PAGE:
It is an essential aspect of growing up that we suppress who we really are in order to be accepted and loved by mum and dad. This means we actually push our real needs away in order to cope with their demands. It is as if we have sacrificed our original selves to get their love, and it leaves a trail of sorrow.
We call it Existential Grief because it’s about our very existence. It is about us being ’socialized’ by the family and school so that we forget who we truly are. This leaves an enormous grief that is too difficult to confront, and we hide it in the kennel of the unconscious, leaving the howls from the kennel to undermine our self-confidence.
In our society we use material goods and social roles to cover up the black hole of grief. By surrounding ourselves with pretty and expensive things we tell everyone else that we are really OK. This is, so I learn from my clients, the major cause of going shopping, going on buying sprees and being consumers. We have come to believe that bright new things will fill the empty spaces inside. This seems to be why we cannot really confront the devil of global warming that is being fed by every dollar we spend. For our own safety as a species we should all be consuming less and sharing more and striving to make life simple, whereas we are literally hell-bent on getting the most while we still can.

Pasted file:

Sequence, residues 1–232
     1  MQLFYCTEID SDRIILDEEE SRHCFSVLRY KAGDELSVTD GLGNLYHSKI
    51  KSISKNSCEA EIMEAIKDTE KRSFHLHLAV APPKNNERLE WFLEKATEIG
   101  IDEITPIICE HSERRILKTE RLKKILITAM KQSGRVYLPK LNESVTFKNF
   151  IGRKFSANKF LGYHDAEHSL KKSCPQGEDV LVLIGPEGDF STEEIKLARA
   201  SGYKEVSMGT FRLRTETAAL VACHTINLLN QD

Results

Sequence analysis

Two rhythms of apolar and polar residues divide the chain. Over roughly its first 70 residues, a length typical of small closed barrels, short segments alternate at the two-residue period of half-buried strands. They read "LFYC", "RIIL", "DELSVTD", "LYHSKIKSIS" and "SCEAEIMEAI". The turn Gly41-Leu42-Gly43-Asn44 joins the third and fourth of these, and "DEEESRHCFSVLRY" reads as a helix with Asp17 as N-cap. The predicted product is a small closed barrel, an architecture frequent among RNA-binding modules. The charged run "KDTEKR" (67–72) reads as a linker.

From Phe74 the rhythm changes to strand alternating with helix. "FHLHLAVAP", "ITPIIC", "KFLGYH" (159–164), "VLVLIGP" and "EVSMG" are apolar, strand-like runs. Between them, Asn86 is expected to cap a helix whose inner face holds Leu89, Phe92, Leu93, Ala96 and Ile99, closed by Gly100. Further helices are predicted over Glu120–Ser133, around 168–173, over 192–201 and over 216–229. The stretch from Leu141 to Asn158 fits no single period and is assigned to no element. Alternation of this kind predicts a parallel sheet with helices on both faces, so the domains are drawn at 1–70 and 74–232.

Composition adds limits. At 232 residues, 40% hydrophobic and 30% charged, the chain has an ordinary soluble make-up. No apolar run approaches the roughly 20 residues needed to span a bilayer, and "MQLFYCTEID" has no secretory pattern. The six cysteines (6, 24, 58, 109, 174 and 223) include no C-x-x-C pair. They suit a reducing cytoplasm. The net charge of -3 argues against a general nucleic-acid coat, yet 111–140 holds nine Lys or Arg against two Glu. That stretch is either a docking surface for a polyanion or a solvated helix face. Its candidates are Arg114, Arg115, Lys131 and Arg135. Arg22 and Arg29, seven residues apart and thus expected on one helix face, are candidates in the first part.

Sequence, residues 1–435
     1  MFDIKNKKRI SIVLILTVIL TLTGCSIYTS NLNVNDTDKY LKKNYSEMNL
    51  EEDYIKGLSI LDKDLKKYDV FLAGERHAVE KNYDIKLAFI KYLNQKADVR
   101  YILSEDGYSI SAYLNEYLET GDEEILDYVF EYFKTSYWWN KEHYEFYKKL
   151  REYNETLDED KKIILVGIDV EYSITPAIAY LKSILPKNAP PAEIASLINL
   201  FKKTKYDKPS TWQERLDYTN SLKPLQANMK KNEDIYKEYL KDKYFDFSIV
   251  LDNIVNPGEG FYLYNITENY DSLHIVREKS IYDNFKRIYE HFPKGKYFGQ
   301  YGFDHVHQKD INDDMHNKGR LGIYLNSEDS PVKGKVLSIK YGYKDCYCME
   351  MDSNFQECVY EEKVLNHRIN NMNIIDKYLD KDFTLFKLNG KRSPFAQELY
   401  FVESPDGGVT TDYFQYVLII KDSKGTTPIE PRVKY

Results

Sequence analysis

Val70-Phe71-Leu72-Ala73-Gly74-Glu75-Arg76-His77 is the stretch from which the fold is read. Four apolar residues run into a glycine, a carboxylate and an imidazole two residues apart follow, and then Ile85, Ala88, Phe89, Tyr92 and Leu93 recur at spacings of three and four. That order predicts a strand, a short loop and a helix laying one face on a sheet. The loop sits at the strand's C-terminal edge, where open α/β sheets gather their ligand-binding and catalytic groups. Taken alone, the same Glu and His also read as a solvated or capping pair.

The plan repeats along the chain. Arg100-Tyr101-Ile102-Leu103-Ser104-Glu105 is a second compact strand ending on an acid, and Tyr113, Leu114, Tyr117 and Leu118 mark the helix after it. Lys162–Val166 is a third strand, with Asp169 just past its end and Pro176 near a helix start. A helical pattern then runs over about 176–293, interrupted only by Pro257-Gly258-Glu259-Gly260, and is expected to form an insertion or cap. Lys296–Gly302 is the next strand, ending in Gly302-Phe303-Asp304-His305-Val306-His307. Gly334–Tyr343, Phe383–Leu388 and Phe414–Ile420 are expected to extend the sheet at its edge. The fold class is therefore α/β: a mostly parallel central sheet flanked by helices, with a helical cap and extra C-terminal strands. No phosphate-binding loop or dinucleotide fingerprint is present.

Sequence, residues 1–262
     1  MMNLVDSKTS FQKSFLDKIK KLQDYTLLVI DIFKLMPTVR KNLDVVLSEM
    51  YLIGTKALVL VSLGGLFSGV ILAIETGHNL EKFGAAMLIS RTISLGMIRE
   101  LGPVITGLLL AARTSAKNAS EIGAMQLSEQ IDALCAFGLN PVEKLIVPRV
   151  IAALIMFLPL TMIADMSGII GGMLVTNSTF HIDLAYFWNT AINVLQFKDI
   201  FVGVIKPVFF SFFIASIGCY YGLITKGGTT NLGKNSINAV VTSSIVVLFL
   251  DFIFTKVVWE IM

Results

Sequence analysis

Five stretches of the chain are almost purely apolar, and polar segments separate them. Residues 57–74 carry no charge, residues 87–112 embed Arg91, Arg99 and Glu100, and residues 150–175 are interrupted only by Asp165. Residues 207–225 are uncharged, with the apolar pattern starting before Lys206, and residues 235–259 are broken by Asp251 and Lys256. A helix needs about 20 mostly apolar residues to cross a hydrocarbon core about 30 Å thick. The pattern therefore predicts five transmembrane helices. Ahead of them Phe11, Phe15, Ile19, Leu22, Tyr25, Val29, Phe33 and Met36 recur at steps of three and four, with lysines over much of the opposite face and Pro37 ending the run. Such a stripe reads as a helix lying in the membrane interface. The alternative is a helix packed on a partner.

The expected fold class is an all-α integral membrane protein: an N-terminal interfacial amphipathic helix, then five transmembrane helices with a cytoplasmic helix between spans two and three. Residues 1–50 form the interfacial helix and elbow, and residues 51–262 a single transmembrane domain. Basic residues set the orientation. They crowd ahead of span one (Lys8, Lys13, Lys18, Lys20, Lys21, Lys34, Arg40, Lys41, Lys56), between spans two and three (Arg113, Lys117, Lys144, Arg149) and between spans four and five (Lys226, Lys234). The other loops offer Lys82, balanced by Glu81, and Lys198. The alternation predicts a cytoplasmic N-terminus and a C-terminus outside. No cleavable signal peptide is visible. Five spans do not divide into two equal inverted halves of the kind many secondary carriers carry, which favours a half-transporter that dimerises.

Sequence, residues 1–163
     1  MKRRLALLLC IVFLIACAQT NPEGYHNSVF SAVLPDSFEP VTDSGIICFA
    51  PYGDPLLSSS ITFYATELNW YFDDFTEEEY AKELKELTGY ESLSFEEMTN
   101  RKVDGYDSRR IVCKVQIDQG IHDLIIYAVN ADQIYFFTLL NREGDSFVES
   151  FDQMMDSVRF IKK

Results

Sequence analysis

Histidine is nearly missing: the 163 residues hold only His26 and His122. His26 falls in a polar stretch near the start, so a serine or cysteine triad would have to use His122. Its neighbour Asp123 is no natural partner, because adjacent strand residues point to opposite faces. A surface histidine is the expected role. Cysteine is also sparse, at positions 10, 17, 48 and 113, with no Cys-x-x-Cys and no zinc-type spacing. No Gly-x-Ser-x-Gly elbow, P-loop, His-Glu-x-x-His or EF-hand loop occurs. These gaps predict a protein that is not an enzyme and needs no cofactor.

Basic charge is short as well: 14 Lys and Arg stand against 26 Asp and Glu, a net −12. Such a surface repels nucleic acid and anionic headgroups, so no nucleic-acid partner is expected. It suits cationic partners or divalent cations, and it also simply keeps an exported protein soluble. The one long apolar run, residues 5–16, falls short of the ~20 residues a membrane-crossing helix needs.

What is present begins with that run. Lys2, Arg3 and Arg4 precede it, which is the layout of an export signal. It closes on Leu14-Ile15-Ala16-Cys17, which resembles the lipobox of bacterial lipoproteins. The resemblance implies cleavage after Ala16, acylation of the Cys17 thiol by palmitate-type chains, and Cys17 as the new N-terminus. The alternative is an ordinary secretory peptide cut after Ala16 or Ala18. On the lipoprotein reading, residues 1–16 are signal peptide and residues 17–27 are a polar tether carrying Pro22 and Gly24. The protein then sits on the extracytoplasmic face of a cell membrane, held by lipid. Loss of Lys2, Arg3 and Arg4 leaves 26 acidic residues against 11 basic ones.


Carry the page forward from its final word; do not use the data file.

The hound sitting in the kennel of our emptiness makes it too hard for us to look at the truth and change our ways. We cannot alter the terminal path we are on, because to do so would expose our deepest fears that underneath all the tinsel and stuff we really are not worth much at all. Not even the protection we should be giving to our beautiful children is enough to move us to confront this terrifying personal fear.
A four-year analysis of the world’s ecosystems sponsored by the Worldwatch Institute found that over-consumption has pushed 15 out of 24 ecosystems essential to human life “beyond their sustainable limits”. Our insatiable desire for more is moving the planet toward a state of collapse that may be “abrupt and potentially irreversible”. Since we all know that, can we not go beyond the fear to follow David Attenborough, who said in an interview, “How could I look my grandchildren in the eye and say I knew and did nothing?”